Tuesday, 17 May 2005

Open source analyst business model?

We've previously referenced this great blog entry by James Governor from Redmonk, but in case you missed it we thought it deserved a full reference and some commentary.

In his post titled "Things To Do in the Analyst Business When You Are Dead", James discusses the IT analysts business model.

It's a great post, if a little long, but let's backtrack for an AR 101. Analyst business models differ greatly according to their output and revenue sources:

  • Analyst output falls roughly in 4 categories: consulting (up), reports (rapidly commoditised), advisory retainers (aka RAS) and events
  • Their clients are usually either vendors (in majority) and/or users (down)

There have been very significant changes in the past years: end-user spend declined, together with reports (who wants to pay EUR2k for a doorstopper frankly?). This means research commoditisation, more white papers, more consulting.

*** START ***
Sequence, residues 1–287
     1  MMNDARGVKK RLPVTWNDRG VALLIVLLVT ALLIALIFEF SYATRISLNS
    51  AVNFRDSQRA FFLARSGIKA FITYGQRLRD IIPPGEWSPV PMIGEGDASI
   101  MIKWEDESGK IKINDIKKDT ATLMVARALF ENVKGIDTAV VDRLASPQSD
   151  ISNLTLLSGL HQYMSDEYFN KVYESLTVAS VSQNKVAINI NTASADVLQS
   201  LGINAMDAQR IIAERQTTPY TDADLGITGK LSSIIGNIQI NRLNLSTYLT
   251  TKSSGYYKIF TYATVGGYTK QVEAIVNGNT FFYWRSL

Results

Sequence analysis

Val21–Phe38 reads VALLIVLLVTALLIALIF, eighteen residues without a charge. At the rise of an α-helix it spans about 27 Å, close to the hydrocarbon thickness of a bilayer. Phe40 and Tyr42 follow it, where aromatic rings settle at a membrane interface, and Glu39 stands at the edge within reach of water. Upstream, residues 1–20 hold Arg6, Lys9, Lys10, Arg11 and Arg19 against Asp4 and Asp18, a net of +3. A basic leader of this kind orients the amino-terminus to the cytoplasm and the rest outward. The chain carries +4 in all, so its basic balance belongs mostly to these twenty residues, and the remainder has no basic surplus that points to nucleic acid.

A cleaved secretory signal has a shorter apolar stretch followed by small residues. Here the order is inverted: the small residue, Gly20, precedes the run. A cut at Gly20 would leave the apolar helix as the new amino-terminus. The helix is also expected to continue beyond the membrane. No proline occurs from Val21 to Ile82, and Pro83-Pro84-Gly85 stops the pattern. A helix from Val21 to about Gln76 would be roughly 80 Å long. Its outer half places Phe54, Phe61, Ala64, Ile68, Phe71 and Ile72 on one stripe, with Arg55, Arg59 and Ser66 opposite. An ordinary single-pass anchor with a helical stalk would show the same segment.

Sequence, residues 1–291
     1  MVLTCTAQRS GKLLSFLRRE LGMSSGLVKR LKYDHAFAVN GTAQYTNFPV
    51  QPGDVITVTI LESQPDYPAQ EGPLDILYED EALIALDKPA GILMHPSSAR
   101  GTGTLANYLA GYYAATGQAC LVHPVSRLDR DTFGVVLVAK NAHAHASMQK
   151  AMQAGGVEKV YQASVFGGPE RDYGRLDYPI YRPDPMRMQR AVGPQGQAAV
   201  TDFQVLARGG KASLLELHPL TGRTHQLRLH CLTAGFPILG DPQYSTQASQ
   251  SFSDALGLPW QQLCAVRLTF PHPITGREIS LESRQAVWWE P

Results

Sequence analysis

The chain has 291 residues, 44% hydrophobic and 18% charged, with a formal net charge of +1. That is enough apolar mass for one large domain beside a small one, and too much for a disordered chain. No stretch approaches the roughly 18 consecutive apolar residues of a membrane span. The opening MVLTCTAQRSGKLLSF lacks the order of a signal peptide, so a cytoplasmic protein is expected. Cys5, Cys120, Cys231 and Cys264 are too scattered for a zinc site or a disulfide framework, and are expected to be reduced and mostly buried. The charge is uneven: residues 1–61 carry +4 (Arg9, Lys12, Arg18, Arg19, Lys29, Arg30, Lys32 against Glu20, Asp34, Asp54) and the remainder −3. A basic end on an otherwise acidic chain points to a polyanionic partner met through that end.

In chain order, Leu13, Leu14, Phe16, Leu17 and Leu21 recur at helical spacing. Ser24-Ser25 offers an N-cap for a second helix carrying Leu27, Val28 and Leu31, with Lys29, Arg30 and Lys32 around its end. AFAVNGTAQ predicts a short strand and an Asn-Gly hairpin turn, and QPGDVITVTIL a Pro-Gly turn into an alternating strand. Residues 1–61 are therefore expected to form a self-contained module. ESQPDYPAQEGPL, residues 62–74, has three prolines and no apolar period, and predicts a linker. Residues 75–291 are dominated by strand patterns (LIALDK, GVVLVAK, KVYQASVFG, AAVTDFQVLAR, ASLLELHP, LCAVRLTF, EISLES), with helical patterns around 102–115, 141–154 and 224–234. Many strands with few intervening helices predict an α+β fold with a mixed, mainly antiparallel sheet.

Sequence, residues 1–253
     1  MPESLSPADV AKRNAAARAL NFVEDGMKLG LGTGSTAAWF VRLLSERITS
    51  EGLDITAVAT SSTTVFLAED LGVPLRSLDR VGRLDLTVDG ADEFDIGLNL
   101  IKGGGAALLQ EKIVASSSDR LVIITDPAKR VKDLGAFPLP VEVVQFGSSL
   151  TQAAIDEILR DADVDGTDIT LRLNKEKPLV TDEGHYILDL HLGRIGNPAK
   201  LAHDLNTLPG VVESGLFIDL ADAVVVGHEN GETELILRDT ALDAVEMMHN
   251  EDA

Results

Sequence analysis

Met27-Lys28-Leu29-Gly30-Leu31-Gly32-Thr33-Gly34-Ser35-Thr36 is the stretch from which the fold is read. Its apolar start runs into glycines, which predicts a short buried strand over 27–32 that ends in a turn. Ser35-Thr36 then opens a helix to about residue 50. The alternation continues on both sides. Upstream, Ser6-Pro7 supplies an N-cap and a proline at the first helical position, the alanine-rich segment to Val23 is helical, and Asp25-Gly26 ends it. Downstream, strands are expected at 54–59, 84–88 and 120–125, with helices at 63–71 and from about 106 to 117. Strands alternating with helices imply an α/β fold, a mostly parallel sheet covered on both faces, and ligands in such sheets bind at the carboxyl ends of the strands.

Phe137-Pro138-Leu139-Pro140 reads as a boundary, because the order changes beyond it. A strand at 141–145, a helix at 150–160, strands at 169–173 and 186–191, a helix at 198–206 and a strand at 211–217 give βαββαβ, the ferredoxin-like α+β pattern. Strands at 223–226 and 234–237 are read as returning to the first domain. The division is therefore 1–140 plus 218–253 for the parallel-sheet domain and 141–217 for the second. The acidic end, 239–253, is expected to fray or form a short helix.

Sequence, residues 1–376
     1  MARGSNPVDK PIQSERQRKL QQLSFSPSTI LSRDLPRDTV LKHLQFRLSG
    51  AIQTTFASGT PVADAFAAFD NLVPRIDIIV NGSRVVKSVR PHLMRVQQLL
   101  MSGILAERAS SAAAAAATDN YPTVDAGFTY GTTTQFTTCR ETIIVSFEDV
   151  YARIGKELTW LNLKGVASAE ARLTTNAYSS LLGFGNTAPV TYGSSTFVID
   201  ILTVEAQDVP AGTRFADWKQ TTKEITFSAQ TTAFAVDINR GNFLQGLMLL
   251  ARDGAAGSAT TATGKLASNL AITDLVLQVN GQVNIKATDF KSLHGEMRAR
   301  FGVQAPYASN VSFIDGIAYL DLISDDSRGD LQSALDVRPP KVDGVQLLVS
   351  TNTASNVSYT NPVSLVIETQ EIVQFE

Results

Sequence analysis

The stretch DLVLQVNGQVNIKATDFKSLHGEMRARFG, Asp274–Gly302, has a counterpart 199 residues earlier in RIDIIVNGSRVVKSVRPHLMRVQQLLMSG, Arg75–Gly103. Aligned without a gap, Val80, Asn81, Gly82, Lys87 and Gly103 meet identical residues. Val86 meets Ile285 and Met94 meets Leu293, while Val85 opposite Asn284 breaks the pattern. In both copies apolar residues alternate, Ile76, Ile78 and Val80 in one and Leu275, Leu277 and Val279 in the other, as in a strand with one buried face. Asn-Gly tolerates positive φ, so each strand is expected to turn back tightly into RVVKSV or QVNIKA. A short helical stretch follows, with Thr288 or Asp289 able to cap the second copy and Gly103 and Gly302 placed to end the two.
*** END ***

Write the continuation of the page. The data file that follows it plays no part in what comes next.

James thinks the analyst business model is "ready for an overhaul", that analyst firms can no longer "run a sophisticated version of the protection racket":

"If you pay up we let you do business - if not we can make life real hard for you by smashing the place up/downgrading your products. Its an open secret in the business, the corpse out in the backyard we all catch occasional whiffs of."

He concludes it is time to revolutionise (esses, not zees, James) the industry with better quality, credible and collaborative research: open-source. His suggestion is intellectually brilliant but stops short of explaining how to make a living for analysts, a point subsequently documented in this other post: "Right hand commoditises left. Gluecode and RedMonk's business model"

1 comment:

Stiennon said...

I am not too impressed with Mr. Redmonk's brilliant idea to "open source" his research. This is not a new concept. If you have no brand recognition it is about the only way you can get your research read and have an impact. Charging $4,000 a copy for a pdf is an unsustainable business model.

There are millions of research papers being written every day. They are short, concise, actionable and include references. They are called blogs.

For research to be opensource it would have to be collaborative. Just like blogs with comments! Wow....